Edward Snowden Makes Unscheduled Appearance At TED conference in Vancouver
Edward Snowden, the NSA whistleblower who stole thousands of classified documents before leaving the United States recently made an unexpected and unscheduled appearance at a TED conference in Vancouver, Canada on Tuesday night. It was done so VIA satellite robot, where he emphasized that there is still a lot of reporting to be done.
What has come as a surprise to many, is the fact that the NSA and other intelligence organizations, as Edward Snowden puts it, “a super national intelligence organization that doesn’t answer to the laws of its own countries,” has been spying on what seems to be the entire global population.
Here’s the full TED interview, and what Edward Snowden had to say on Tuesday night.
He brings up some important points in this interview, especially about terrorism and how it’s always used as a cover for actions. He said “terrorism evokes an emotional response.” These words give more credence to the fact that false flag terrorism operations, like 9/11, have been used as an excuse and justification for unethical and inhumane actions. It allows more people to open their mind to the possibility that these horrible events were actually manufactured not by terrorists, but the United States government, or this global international intelligence organization Edward Snowden refers to as the “Five Eyes.”
If terrorism isn’t the real reason, then ask yourself, what is the reason for all these ‘covert’ actions that remain classified for ‘national security’ reasons? It seems that ‘national security’ has become an excuse to conceal a large amount of information from us, just like JFK warned us about.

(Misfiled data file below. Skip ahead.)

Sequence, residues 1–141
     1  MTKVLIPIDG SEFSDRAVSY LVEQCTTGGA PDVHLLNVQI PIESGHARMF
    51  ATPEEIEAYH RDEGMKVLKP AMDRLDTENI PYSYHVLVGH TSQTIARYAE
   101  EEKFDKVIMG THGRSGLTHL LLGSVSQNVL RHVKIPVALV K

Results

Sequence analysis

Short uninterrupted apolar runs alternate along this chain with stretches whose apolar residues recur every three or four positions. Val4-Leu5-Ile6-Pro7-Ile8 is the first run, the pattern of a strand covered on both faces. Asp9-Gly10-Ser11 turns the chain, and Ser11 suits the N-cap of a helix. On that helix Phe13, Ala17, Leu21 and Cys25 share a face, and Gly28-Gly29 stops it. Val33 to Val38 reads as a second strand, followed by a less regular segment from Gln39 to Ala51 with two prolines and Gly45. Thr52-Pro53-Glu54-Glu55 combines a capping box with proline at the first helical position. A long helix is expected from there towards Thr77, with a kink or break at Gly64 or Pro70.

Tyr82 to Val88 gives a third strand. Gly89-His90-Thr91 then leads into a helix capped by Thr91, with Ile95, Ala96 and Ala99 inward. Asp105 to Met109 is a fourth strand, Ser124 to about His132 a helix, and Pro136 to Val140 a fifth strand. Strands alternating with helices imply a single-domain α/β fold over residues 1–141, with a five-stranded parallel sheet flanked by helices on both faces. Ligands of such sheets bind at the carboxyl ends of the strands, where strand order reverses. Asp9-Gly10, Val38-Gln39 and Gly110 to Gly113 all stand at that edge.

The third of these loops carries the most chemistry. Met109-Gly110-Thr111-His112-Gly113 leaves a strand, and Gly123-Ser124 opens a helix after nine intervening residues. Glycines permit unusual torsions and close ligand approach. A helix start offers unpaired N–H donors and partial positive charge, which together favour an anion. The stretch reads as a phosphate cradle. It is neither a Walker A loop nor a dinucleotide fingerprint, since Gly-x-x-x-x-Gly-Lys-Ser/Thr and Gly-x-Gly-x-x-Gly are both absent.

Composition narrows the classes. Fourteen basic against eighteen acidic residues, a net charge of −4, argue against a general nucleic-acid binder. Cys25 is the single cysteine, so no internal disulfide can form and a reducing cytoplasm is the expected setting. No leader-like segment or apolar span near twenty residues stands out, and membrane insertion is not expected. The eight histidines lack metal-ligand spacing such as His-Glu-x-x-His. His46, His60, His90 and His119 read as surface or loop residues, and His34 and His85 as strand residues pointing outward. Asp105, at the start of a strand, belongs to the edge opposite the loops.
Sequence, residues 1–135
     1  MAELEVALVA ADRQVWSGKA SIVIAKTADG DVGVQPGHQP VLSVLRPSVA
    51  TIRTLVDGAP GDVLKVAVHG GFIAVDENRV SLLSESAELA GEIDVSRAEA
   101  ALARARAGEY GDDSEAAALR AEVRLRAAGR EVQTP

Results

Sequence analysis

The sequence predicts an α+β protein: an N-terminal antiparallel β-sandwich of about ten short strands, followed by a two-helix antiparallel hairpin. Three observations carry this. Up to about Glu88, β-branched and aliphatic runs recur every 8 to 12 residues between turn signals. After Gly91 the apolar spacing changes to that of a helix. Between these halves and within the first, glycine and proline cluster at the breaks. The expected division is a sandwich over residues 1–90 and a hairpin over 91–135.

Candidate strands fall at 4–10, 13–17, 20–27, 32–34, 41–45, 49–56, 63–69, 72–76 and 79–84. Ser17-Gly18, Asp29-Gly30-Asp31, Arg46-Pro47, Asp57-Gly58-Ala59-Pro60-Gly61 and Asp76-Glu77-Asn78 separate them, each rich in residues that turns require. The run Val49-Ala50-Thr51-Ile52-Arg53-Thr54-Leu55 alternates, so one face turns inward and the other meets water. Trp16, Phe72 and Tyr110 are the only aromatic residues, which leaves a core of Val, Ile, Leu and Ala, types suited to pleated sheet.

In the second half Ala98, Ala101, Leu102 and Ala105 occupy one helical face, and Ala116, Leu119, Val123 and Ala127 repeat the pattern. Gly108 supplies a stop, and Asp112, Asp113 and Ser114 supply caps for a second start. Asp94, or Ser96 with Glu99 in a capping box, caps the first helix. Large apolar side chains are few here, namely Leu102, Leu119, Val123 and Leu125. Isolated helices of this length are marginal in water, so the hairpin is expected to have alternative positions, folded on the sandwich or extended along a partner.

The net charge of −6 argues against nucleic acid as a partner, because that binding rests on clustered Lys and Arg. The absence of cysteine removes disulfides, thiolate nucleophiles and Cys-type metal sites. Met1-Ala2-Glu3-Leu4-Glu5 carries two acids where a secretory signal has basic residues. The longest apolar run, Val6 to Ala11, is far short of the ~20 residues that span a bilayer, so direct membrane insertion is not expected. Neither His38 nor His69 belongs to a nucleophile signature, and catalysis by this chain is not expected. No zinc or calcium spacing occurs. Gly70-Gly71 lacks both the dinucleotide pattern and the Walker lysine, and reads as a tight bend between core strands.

I think it’s also important to note that mass surveillance isn’t the biggest and most significant aspect of government secrecy. The biggest revelation Edward Snowden has made so far (in my opinion) was the very first public disclosure of the black budget, which garnishes trillions of dollars every year for Special Access Programs (SAPs).
“According to our best estimates, more than half of all U.S. government records are classified. For an archivist seeking to preserve and understand our history, that means most of our history is kept secret from us, think about that for a moment.” – Richard Dolan
SAPs are programs that the public knows nothing about, they do not exist publicly, but they do indeed exist. They are better known as ‘deep black programs.’ A 1997 US Senate report described them as “so sensitive that they are exempt from standard reporting requirements to the congress.” (source)
Edward Snowden probably does/did not have access to what these programs deal with, and you can bet that it’s not regarding surveillance, but instead things of much greater significance.
“It is ironic that the U.S. would begin a devastating war, allegedly in search of weapons of mass destruction when the most worrisome developments in this field are occurring in your own backyard. It is ironic that the U.S. should be fighting monstrously expensive wars allegedly to bring democracy to those countries, when it itself can no longer claim to be called a democracy when trillions, and I mean thousands of billions of dollars have been spent on projects which both congress and the commander in chief know nothing about.” – Paul Hellyer, Former Canadian Defence Minister
I wanted to leave you with this quote, because it makes reference to the world of secrecy, and the black budget.
“We already have the means to travel among the stars, but these technologies are locked up in black projects and it would take an act of God to get them out to benefit humanity. Anything you can imagine, we already know how to do.” – Ben Rich, Second Director of Lockheed Skunkworks
Source | CollectiveEvolution